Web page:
Dec. 9, 2014

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Kowal announces far-reaching union action plan

uupdate 12-9-14

Read the UUP press release

Proposals to create a financial incentive program for campuses and allow recent SUNY graduates to refinance school loans are part of a slate of bold new UUP initiatives.

UUP President Fred Kowal announced the union’s action plan at a Dec. 9 press conference in Albany.

The package also includes the creation of a new loan forgiveness mechanism for SUNY adjuncts and a permanent publicly funded endowment for SUNY.

“As the largest higher education union in the country, it is the duty of UUP to develop and articulate plans that will strengthen SUNY,” said Kowal, flanked by SUNY students and UUP members, including Vice President for Academics Jamie Dangler and Secretary Eileen Landy.

“There’s a lot to like here,” NYSUT Executive Vice President Andy Pallotta said, challenging lawmakers to back the UUP plan. “This system was created in the first place to have an affordable public university for all New Yorkers. Let’s put the money up and fund this program and give our students the opportunities they deserve.”

UUP’s plan proposes:

  • The SUNY Student Loan Refinancing program, for SUNY graduates with state or federal student loans incurred as of Jan. 1, 2008. They must earn an associate’s or bachelor’s degree from a state-operated SUNY school and wait a year after graduating to take part in the program.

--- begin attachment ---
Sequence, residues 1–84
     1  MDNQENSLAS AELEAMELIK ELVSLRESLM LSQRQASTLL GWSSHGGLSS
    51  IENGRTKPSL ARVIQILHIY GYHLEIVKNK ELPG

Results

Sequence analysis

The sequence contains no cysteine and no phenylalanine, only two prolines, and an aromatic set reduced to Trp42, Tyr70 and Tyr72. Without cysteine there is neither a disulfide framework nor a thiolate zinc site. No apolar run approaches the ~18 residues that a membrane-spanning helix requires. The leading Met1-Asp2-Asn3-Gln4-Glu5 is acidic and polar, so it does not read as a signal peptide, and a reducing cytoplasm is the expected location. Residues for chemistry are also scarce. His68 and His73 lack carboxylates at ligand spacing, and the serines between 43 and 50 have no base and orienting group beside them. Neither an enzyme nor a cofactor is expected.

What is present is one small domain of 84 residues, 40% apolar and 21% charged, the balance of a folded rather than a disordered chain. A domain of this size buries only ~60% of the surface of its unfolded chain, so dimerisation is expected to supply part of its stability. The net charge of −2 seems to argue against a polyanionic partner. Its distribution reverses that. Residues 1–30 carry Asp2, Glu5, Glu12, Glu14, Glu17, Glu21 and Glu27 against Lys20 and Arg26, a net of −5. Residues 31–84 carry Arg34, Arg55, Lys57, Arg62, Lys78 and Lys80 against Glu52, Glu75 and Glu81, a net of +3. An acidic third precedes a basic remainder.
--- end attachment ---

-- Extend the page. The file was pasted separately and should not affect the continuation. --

• The Adjuncts Loan Forgiveness Program, which would provide eligible SUNY adjuncts with a waiver for up to $29,400 in loans.
  • Bringing Opportunities for Student Success, a program that would award financial incentives to campuses that work to hire more full-time faculty and staff; promote part-time faculty to full-time positions; develop greater diversity in their faculty, staff and student bodies; and significantly support the Educational Opportunity Program’s pre-freshman summer program.
  • A permanent publicly funded endowment for SUNY to rebuild faculty and professional staff. The endowment would be used to expand hiring of full-time faculty and allow more part-time faculty and staff to move into full-time positions.

“Today, an undergraduate degree is no longer a choice, it’s a necessity like a high school diploma was decades ago,” said Kowal, above, who appeared on Time Warner Cable show “Capital Tonight” hours after the press conference. “We believe that this action plan is the key to providing that opportunity to New York’s students, especially those who look to SUNY as their only option for a college education.”

UUP’s plan requires the state to provide its fair share—at least 50 percent—of SUNY’s funding. Students pay 63 percent of SUNY’s operating costs through tuition and fees.

A new, genuine maintenance of effort is also necessary; the agreement would cover funding for SUNY’s three teaching hospitals and cover basic expenses of its state-operated campuses, as well as collective bargaining costs.

“When more than half of SUNY’s funding comes from students, that’s not a public university. It’s a private university that receives some public funding.”

A portion of the state’s Wall Street settlements with big banks could be used to fund these new programs.

“I can think of no better use for those hundreds of millions of dollars of ill-gotten gains than to use them to rebuild SUNY,” Kowal said. “UUP is presenting a realistic action plan to ensure that SUNY provides a world-class education to its students for years to come.”

Once the legislative session opens, UUP will be pressing to see its proposals become law this year.

“Certainly, we will continue to work with our longstanding friends in the state Legislature on this program,” Kowal said.

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